“We are still evaluating the impact of these measures, but they remind us of the importance of building resilient and diversified supply chains,” Ms. Yellen said. He suggested that additional responses from the United States could be forthcoming to ensure that American businesses and workers are treated fairly.
“I will always champion your interests and work to ensure a level playing field,” Ms. Yellen added. “This includes coordinating with our allies to respond to China’s unfair economic practices.”
Businesses are also spooked by China’s ever-tightening national security laws, which include a tough counter-espionage law that came into force on Saturday. The US State Department issued a warning this week advising Americans to reconsider traveling to China because of the possibility of false detention.
Chamber President Michael Hart said American companies are trying to play a constructive role in the economic relationship between the United States and China.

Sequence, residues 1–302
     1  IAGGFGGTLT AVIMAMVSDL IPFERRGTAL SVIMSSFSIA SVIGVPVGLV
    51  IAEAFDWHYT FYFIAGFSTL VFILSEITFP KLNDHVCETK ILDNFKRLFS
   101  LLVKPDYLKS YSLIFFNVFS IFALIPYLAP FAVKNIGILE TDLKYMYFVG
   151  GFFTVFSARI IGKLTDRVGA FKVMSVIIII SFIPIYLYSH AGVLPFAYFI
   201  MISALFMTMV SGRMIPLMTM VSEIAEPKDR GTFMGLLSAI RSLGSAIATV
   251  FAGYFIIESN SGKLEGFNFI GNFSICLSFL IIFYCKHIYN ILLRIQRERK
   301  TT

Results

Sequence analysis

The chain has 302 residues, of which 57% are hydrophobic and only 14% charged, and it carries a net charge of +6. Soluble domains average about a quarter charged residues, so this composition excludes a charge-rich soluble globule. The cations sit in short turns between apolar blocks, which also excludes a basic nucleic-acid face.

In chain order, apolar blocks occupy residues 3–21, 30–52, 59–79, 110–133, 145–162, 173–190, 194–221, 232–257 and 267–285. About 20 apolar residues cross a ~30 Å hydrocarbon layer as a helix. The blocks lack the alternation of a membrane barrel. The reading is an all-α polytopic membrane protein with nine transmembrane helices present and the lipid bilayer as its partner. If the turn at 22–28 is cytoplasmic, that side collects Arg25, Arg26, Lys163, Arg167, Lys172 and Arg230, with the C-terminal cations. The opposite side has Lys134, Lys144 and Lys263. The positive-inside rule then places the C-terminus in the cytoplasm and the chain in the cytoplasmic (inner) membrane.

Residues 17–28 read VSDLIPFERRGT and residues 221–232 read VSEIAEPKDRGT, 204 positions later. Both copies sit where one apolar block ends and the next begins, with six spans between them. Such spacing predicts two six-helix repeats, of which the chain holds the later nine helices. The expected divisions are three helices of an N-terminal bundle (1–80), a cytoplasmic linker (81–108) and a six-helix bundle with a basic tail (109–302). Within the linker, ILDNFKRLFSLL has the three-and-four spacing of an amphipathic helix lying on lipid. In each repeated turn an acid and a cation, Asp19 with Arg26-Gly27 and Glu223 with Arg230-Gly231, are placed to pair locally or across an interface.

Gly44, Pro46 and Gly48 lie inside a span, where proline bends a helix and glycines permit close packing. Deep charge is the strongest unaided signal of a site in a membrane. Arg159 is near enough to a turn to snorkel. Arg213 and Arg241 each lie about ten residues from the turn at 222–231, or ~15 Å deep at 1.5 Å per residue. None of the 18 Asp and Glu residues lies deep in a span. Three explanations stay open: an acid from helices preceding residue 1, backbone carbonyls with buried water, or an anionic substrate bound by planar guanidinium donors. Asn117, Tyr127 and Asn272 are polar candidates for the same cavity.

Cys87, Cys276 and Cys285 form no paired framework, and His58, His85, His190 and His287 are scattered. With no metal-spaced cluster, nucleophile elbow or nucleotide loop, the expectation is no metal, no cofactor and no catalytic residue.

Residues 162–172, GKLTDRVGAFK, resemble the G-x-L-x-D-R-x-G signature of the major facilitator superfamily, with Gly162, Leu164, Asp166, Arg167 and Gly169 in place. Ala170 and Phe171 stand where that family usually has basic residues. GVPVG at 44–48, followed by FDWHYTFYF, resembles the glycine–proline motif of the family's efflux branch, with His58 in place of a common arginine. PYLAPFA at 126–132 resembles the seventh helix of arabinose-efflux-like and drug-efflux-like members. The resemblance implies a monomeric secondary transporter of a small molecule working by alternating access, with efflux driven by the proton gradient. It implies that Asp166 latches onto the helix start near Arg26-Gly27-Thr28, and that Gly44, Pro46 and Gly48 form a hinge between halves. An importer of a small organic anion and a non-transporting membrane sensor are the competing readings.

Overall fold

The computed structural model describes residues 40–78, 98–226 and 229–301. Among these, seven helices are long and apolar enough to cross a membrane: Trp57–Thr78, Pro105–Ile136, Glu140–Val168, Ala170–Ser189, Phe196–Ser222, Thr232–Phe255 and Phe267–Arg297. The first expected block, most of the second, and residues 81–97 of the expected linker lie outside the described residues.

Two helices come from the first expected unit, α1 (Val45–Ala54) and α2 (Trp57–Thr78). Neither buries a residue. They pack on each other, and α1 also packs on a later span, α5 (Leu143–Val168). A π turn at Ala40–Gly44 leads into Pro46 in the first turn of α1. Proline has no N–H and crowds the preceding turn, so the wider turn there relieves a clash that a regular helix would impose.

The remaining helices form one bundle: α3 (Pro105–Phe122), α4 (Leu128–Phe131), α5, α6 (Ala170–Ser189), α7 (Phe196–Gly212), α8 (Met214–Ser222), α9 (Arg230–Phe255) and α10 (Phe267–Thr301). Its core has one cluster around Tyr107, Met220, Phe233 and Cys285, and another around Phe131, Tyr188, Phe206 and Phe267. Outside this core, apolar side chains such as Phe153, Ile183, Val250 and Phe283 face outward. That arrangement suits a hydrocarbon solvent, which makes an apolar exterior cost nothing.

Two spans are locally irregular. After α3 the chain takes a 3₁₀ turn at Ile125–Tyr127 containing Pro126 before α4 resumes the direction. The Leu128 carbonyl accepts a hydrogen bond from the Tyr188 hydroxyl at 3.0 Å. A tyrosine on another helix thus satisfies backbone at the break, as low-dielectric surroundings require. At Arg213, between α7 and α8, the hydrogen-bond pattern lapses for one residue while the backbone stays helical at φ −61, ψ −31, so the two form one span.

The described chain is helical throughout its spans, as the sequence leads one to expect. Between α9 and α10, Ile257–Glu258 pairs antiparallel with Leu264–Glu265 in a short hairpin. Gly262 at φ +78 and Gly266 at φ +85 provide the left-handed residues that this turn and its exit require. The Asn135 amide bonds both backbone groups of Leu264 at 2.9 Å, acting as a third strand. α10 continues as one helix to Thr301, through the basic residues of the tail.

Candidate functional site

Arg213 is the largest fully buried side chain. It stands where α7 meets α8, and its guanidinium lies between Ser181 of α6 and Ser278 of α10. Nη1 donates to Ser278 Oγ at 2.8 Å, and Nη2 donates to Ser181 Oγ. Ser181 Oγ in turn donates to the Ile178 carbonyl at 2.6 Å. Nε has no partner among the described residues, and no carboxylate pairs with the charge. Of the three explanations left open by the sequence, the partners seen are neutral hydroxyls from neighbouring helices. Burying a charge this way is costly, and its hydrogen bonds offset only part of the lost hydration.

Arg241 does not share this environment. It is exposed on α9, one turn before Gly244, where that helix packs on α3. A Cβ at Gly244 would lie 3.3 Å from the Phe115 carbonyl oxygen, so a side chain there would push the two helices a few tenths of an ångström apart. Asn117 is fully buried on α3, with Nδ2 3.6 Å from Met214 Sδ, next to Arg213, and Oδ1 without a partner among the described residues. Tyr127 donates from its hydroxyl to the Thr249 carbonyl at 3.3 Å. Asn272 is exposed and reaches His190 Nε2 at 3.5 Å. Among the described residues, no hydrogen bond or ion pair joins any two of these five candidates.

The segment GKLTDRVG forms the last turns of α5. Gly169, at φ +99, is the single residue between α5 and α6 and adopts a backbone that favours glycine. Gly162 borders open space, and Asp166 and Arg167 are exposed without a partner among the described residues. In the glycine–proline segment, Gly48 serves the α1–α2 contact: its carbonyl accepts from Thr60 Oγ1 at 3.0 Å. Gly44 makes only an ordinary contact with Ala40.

“No matter what happens at the political level, we are trying to find common ground with our Chinese counterparts by working, producing, producing, buying, selling, paying taxes and doing everything in a way that reflects our values,” said Mr. Hart, who sat next to Ms. Yellen. And we believe it will benefit the US and China as well.”
The Treasury secretary plans to raise these issues during meetings with top Chinese officials over the next two days.
In addition to the business leaders, Ms. Yellen also met on Friday with Liu He, China’s former vice premier, and Yi Gang, the outgoing governor of the People’s Bank of China. A Treasury Department official said Ms. Yellen discussed the outlook for the economy in an informal discussion that lasted more than an hour with her former colleagues.
Later on Friday afternoon, he will meet with Premier Li Qiang at the Great Hall of the People.
Claire Fu Contributed report.
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